I’ve always been into Greek mythology. The stories of the Olympian gods always stuck with me because, while immortal and powerful, they were still so tragically... human. These tales served a purpose; to explain the unexplainable. The squabbling and bickering of the immortals on Olympus provided an excuse for all the bad things that happened to normal people in the real world. But there were always some who challenged the gods; who flaunted their ultimate authority and power. Kratos, the infamous anti-hero of the God of War series, epitomizes that insolence. His blood soaked march through the halls of Mt. Olympus seeking revenge against those who wronged him is the definition of epic. God of War 3 brings the legend of Kratos to a close in grand fashion, providing one of the most satisfying culminations to any series I have ever played.
God of War 3 takes up where predecessor left off; Kratos riding on the back of the titan Gaia as she ascends to the summit of Mt. Olympus to confront Zeus. There is mythology within a mythology here, sort of an alternate timeline if you will. The battle between the titans and the gods has been raging since time immemorial, and Kratos finds himself caught smack in the middle. Poor Kratos has always been blinded by his own arrogance, and has as a result been betrayed by everyone and is beholden to no one. So what is Kratos to do? Why, kill them all of course!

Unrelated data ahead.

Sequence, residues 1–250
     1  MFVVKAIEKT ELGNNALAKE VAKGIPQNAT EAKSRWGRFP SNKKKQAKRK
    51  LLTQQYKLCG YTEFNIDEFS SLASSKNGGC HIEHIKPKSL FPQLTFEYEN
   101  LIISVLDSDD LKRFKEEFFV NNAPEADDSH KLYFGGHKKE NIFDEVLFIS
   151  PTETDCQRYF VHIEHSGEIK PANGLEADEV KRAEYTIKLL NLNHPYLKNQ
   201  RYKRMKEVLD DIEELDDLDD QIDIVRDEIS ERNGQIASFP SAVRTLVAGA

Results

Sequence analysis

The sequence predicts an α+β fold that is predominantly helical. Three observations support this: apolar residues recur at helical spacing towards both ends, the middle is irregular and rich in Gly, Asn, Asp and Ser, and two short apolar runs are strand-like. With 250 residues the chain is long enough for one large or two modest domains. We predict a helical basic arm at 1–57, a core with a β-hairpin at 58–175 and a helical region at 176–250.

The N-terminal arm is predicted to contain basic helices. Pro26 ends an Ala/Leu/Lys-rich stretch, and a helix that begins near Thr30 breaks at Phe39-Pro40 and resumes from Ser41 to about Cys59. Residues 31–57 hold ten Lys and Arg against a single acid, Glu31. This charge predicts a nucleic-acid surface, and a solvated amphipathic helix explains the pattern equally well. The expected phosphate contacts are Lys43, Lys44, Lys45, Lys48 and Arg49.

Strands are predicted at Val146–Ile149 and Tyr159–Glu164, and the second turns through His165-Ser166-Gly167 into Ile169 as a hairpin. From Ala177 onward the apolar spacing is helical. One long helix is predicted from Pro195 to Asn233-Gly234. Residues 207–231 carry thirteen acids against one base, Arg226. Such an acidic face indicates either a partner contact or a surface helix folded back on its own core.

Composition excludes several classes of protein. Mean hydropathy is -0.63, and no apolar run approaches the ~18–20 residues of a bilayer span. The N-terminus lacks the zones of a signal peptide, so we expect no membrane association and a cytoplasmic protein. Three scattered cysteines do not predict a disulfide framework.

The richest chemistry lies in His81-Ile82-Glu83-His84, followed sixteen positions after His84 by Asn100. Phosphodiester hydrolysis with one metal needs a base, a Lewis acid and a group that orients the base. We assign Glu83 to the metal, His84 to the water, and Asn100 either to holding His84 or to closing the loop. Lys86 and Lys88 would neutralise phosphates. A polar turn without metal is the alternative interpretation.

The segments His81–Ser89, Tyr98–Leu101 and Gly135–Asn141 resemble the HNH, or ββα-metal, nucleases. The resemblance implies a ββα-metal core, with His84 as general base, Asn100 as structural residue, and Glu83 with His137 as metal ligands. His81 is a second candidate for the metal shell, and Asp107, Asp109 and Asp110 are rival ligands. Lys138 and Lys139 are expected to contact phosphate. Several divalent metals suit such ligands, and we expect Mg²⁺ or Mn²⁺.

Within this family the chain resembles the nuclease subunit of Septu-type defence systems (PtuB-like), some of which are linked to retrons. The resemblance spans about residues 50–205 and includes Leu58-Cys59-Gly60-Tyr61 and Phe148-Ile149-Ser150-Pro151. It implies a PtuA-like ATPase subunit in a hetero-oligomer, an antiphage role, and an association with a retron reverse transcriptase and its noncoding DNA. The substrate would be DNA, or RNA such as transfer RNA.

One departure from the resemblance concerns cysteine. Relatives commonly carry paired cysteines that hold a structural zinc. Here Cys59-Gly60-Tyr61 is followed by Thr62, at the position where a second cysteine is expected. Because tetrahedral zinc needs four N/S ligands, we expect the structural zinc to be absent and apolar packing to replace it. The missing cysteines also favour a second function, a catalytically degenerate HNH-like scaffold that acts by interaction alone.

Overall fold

As the Ghost of Sparta once again winds up in Hades (he should have his hand stamped), we learn from Athena's spirit (gods have spirits, who knew?) that in order to kill his father Zeus, king of all Olympus, Kratos must once again use Pandora's Box. Within it rests the power to kill a god. Of course, that's easier said than done, as the Box is held within the Flame of Olympus which burns so bright and hot that neither man nor god can touch it. To get his revenge, Kratos must get to Pandora's Box. To get to the Box he must get through the Flame... but to get through the Flame he'll need some help. I'm not going to tell you anymore, but needless to say Kratos' patricidal quest for vengeance takes him from the depths of the Underworld to the halls of Mt. Olympus itself, battling gods and titans both, romping and stomping his way through a veritable "Who's Who" of Greek mythology. You can always tell where Kratos has been by the destruction and carnage he leaves in his wake, not to mention the dead deities littering up the place.